After the sad passing of Steve Jobs, associate web editor Peter Moore ponders how the devices Apple introduced have changed the way we travel
A couple of years ago I was catching a train from Paddington to Bristol. I had a BritRail pass so I could just turn up and jump on a train. I'd just got myself an iPhone too, so when I arrived at Paddington Station I pulled it out and checked train departures on a new App I'd downloaded called Trains. It told me that the next train to Bristol left from Platform 8 at 10.25 am.
I was new to this whole Apps thing, so I joined the throngs gathered beneath the monitors to double check the departure time. The train was on the board, but the platform hadn't been assigned yet. On a whim I decided to wander out to Platform 8.
The train was already there. After confirming with the cleaners that it was indeed the 10.25 to Bristol Temple Meads, I clambered on board and claimed a forward facing seat with it's own power outlet. It was another five minutes before the hordes who had gathered under the monitor boards descended, stuffing their bags on the overhead racks and casting dirty looks at me for securing such a coveted spot.
I thought of that moment this morning when I heard the news that Steve Jobs had died. The device that he had envisaged, had pushed through, developed and changed the way I travelled. It moulded and influenced my journey in ways that I hadn't imagined. I'm not sure that I had a better trip. But I had a different one.
Later on that same trip my iPhone got me a free place to stay on the Isle of Arran. I'd idly noted on Facebook that I was feeling green on a particularly rough ferry crossing. Almost immediately I was pinged a message from a friend in Australia. He had a nephew working at a resort on Arran and had just texted him to expect me. I got free digs in the staff quarters and went very, very close to winning my first ever pub quiz. My iPhone nearly played a part there too, but I valiantly fought off the urge to nip off to the toilets to Google the answer to a particularly tricky question. I ended up losing by one point, to a man who marked his own answers.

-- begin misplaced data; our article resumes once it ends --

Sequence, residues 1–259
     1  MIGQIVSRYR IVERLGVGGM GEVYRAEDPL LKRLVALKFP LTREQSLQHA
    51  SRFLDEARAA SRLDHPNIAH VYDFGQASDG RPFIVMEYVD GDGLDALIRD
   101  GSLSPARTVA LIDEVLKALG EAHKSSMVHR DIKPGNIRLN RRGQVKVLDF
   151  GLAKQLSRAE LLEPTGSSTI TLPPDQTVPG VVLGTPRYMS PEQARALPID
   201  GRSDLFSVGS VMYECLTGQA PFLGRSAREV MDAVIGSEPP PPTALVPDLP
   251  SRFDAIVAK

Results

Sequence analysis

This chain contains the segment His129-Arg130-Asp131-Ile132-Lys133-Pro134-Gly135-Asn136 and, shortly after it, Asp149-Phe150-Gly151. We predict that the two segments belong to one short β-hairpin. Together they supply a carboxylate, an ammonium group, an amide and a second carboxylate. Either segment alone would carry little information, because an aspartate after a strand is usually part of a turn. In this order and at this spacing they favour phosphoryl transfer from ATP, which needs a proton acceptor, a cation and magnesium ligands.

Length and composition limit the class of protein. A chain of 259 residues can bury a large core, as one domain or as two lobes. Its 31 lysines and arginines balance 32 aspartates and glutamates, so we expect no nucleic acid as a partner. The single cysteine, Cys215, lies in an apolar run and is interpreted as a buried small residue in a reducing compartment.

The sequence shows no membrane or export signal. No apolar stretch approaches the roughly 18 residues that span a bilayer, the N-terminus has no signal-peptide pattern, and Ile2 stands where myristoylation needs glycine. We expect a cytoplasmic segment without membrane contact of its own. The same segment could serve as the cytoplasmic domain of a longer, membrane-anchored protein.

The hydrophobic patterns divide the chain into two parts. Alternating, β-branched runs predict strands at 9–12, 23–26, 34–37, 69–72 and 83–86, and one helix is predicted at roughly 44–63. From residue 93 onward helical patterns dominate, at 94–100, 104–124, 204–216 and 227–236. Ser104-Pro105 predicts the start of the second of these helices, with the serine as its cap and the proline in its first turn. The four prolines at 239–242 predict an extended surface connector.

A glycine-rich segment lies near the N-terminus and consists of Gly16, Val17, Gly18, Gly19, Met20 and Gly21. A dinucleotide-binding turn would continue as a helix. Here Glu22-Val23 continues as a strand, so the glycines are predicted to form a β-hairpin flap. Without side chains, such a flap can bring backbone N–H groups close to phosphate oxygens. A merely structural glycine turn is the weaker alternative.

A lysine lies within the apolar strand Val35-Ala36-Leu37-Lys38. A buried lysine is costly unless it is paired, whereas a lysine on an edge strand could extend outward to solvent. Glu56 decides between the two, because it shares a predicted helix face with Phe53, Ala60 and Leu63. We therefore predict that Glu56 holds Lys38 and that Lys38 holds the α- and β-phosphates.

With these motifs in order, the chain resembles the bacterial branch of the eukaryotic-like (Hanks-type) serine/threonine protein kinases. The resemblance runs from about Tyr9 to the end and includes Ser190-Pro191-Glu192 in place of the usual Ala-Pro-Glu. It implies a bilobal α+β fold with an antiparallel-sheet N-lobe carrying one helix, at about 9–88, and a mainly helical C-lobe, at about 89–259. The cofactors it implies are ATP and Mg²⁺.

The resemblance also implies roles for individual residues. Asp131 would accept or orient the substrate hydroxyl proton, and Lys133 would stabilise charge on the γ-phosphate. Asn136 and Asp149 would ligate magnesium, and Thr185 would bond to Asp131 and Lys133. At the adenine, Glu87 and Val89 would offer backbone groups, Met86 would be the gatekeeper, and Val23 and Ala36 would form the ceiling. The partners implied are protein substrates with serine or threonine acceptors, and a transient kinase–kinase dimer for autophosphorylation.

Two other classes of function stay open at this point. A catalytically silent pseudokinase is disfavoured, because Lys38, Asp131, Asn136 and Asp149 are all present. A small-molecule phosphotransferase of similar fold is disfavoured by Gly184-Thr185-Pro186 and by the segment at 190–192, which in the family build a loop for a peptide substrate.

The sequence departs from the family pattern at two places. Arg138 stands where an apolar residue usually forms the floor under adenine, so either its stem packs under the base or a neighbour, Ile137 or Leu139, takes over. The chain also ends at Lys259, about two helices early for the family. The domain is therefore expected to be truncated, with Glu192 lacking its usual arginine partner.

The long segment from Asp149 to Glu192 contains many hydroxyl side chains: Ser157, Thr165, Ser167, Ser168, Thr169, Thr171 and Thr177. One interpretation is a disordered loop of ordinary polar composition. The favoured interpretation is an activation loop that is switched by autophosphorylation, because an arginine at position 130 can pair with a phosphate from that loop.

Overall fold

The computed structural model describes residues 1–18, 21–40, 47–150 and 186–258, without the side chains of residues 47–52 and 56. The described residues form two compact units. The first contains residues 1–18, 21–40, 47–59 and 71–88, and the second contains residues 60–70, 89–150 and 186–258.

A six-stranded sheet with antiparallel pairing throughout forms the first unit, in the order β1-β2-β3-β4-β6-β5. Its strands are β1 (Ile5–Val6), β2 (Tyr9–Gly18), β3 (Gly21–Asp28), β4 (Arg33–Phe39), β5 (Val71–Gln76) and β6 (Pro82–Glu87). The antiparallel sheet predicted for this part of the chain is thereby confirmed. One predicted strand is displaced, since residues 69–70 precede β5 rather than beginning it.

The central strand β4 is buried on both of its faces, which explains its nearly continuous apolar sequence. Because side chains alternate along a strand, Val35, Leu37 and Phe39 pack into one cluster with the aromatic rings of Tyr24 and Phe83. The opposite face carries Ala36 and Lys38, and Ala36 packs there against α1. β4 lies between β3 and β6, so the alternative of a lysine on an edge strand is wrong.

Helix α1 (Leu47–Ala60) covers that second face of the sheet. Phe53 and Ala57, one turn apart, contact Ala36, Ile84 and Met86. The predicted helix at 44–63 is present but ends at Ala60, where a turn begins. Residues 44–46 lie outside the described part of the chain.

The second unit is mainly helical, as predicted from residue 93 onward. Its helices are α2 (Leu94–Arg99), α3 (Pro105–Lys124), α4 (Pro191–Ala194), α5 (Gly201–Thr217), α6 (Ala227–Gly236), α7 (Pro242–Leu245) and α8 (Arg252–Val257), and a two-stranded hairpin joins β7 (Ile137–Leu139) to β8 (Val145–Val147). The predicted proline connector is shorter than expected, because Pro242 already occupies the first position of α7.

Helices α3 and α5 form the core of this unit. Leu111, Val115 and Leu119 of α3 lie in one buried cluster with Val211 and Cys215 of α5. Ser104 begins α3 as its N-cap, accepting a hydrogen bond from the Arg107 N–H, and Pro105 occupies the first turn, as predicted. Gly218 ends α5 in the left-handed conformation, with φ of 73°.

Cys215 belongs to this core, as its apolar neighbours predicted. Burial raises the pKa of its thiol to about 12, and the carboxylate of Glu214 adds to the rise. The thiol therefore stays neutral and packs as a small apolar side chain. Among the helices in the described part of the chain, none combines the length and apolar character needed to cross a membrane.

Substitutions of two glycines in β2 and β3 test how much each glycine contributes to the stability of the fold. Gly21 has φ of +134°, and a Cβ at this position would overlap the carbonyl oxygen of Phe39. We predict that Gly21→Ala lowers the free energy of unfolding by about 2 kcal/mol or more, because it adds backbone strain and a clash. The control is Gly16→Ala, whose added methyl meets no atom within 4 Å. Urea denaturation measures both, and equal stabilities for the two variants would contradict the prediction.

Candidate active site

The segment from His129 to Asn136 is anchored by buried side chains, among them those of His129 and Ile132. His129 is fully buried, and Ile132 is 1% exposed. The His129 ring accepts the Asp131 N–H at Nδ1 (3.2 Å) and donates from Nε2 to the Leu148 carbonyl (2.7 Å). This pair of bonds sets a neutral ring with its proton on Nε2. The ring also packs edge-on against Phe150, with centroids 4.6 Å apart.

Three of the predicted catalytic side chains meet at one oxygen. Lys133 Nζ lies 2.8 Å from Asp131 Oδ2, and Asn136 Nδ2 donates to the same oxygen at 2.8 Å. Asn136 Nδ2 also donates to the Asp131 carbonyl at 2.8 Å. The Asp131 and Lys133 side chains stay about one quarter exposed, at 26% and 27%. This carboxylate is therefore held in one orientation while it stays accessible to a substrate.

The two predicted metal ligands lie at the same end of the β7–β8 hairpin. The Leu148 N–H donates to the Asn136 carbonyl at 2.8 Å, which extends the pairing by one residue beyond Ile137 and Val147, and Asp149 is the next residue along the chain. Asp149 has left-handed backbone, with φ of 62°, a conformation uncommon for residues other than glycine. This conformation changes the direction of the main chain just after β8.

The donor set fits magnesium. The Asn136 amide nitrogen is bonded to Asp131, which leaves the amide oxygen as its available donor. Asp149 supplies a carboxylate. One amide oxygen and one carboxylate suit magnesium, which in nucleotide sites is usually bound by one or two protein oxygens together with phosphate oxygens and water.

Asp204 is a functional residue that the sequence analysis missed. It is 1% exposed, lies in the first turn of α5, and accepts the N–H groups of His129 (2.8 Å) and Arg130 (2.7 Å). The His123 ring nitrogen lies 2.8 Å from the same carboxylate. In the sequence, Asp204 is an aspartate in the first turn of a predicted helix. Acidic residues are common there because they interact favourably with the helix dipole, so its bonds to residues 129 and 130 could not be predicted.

My iPhone proved invaluable throughout the rest of my trip around the UK. I used the map app for directions to the archives in Bristol where I was able to confirm my family's convict past. I booked a Ryanair flight out of Glasgow Prestwick, where Elvis Presley briefly stepped on British soil and my grandfather landed as a navigator in the Second World War. And whenever I got homesick I could flick through an album of photos of my daughter I'd loaded before I'd left home.
More recently, I downloaded the Footprint Guide to Nairobi, instantly shaving 650g off the weight of my carry-on luggage. Which saved me a considerable amount of money when Ethiopian Airlines cracked down on hand luggage and my bag came in just under their draconian seven kilo limit.
Not all of Steve Jobs' products have had a positive effect on the way I travel. While I appreciate being able to travel with most of my music collection in my pocket – calling up some obscure Ethiopian jazz track should the whim possess me – I also miss an old pre-departure ritual of trawling through LPs and CDs and making tapes of the albums and tracks I decided were essential for that particular journey. I'd always make ten tapes. It was all the space I could spare. And I'd always be sick and tired of them by the end of my journey. But each of those songs are indelibly linked to a particular time and place. You don't get that when you have close to 10,000 songs on shuffle.
And don't get me started about people using their iPads to take photos. It's wrong and it's sad and it has to stop now.
I worry too that we are becoming too dependent on our i-devices, planning and booking our journeys to the nth degree, and robbing ourselves of serendipitous discoveries and the simple joy of getting lost. That we spend far too much time staring at our 5 x 7 cm instead of looking up and soaking up the wonders of the real world around us.
The good news is that smart phones still come with an off switch. As Steve Jobs said himself in a commencement address to students at Stanford University in 2005, “Your time is limited, don't waste it living someone else's life.”
But I tell you what. When a smart phone gets you a seat on a train with a power point it's worth its weight in gold.
Even though it is said same smart phone's crappy battery that makes you need the power point in the first place.
Have the products Steve Jobs introduced changed the way you travel? Are they are boon or a curse to the modern day globetrotter? Have your say on the myWanderlust forum.
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